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Carpet and Indoor Air Quality
In office buildings, both new and old carpeting can be a problem. New carpets can contain synthetic compounds, from mildew resisters and stain proofing chemical, to the fabric itself. Some chemicals within the carpet may off-gas during the early stages following installation, giving the "new carpet smell".
Older carpet, while it doesn't usually emit significant chemical gases, can be a host to biological and biochemical activity. This is increasingly likely if the carpet is in frequent contact with moisture, such as in leaky buildings or where the carpet is frequently shampooed. Another potential problem is with carpet dust, which may contain a variety of contaminants. This can be a serious problem, particularly in schools containing small children, since the greatest portion of the population in schools (children) are short and therefore closer to the source of contaminants.
There have been many articles written about carpet, particularly regarding the issue that its emissions might be a health problem. Some of these discussions have been created by test methods and experiments which were performed unscientifically. Some tests performed by private laboratories, and involving the use of animals, were not able to be validated or replicated by US Government scientists. Eventually, the EPA announced to the Environment, Energy, and Natural Resources committee of the U.S. House of Representatives that "we were unable to replicate the severe toxicity described by Anderson Laboratories." But in response to dramatic press conferences and media coverage, the damage was already done.
Subsequently, the US EPA completed a dialogue with carpet floor covering industries, unions, public interest groups, and other Federal agencies to explore ways of reducing the emission of volatile organic compounds (VOCs) from new carpet and related installation materials, such as carpet cushion and adhesives. The dialogue was initiated as a pollution prevention program. As a result of this voluntary process, the carpet industry agreed to test new carpet floor covering materials for total VOC emissions and is exploring ways of lowering emission of VOCs from carpet products.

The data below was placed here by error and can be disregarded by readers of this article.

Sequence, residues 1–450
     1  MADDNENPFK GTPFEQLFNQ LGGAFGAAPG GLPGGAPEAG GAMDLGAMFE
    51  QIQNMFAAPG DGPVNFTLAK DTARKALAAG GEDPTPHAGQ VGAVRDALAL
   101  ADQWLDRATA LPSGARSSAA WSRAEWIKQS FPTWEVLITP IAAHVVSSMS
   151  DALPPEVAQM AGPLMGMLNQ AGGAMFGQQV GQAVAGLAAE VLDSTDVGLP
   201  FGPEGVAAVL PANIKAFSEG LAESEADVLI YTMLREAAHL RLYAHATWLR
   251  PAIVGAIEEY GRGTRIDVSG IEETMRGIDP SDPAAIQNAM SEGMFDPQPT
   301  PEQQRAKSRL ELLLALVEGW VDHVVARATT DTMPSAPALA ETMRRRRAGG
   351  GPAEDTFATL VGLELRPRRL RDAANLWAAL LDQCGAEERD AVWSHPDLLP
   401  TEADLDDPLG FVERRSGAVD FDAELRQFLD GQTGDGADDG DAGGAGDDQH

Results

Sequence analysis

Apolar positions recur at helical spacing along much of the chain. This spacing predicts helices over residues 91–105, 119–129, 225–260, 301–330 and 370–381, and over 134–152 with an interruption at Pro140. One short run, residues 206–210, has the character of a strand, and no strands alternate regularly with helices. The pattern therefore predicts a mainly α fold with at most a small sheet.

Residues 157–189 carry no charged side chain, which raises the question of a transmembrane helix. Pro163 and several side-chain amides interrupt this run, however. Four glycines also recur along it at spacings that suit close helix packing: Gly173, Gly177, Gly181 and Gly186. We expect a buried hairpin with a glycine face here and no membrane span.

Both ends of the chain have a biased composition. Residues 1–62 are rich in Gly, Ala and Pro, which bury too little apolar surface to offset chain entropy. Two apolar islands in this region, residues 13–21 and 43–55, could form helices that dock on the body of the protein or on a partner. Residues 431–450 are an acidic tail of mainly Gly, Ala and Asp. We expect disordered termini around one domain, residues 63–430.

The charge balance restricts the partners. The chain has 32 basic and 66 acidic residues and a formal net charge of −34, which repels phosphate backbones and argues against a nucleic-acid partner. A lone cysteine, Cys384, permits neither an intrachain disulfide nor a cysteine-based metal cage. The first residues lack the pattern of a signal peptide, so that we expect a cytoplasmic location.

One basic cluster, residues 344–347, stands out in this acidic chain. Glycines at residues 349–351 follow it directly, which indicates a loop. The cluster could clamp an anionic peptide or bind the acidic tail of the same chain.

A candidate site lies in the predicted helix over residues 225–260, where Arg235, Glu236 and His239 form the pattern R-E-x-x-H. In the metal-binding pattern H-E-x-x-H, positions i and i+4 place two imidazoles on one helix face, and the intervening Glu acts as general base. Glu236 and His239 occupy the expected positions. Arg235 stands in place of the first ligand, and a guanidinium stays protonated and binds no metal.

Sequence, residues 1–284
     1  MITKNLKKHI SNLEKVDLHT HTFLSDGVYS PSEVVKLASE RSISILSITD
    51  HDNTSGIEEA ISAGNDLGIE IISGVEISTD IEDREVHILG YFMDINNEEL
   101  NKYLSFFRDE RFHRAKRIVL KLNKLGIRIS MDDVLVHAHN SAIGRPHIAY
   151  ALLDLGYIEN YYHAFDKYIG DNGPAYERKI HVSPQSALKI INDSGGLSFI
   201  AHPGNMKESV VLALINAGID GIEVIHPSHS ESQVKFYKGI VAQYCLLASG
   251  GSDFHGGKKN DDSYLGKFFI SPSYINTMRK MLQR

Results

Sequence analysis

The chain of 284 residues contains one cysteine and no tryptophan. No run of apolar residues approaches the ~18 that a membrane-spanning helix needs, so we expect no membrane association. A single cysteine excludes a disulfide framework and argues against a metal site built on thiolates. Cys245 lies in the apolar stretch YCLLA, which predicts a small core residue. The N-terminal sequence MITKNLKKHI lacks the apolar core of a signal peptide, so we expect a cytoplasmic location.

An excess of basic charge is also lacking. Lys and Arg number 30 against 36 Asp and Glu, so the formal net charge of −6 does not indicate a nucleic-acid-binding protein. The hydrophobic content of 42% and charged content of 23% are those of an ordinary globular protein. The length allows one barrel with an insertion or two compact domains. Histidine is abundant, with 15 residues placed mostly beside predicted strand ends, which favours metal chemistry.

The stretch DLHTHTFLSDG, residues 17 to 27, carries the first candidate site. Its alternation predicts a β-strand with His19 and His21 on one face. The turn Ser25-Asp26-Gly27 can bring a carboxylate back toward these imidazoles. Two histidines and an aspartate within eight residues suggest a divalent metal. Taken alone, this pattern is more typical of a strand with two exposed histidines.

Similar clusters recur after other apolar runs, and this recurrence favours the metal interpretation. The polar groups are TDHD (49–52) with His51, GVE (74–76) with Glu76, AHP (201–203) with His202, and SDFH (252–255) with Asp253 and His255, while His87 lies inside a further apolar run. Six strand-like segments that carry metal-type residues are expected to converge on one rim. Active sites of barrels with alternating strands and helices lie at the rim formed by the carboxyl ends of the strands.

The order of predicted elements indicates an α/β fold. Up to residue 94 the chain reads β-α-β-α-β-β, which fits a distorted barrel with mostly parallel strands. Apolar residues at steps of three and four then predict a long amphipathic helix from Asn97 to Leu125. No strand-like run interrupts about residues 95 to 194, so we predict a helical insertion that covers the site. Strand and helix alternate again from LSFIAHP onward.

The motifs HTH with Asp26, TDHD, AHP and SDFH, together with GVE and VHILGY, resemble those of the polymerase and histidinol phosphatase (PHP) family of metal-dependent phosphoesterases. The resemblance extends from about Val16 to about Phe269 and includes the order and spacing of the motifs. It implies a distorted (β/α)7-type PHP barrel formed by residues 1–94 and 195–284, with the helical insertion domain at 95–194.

Evaluation of New Information
The Carpet and Rug Institute (CRI) has gone on record as stating that "the carpet industry is committed to improving the quality of indoor air and reducing the emissions of volatile organic compound (VOCs)."
Since 1992, CRI has allowed carpet which has been tested and meets the criteria for low chemical emissions, to carry the green and white CRI logo. This tells consumers that the product type has been tested by an independent laboratory and meets the necessary conditions.
Tips for Building Managers
When installing new carpet, the following precautions are suggested:
- Talk to the carpet supplier. Ask for information on emissions from carpet.
- Ask the supplier to unroll and air out the carpet in a well-ventilated area before installation.
- Ask for low-emitting adhesives if adhesives are needed.
- Consider vacating the immediate premises during and immediately after carpet installation. You may wish to schedule the installation when office workers are out.
- Be sure the supplier requires the installer to follow The Carpet and Rug Institute's installation guidelines.
- Open door and windows (if possible). Increasing the amount of outside air delivered to the space will reduce exposure to most chemicals released from carpet. During and after installation, use fans and building mechanical systems (HVAC and exhaust) to exhaust fumes to the outdoors. Operate them during installation, and keep them running for 48 to 72 hours after the new carpet is installed.
- Contact your carpet supplier if objectionable odors persist.
Ensure that the building's custodial staff understands and follows the manufacturer's instructions for proper carpet maintenance
The Importance of Maintenance
Regular carpet maintenance is essential to preserve a carpets initial appearance. Regular and effective carpet cleaning with a well designed vacuum cleaner which uses a high-efficiency air filteration bag, can be very effective at removing indoor air contaminants from a building's occupied space. In addition, the removal of spots when they do occur, can help to avoid stains and the potential for fungal growth.
Carpeting should be cleaned using hot water and high-efficiency extraction methods. When deep cleaning through this method, it is very important that all of the moisture, the cleaning agent used, and the soil be extracted from the carpet. Follow-up procedures should ensure that the cleaned carpet is fully dried in 12 to 18 hours time. This too, will prohibit the potential growth of microorganisms.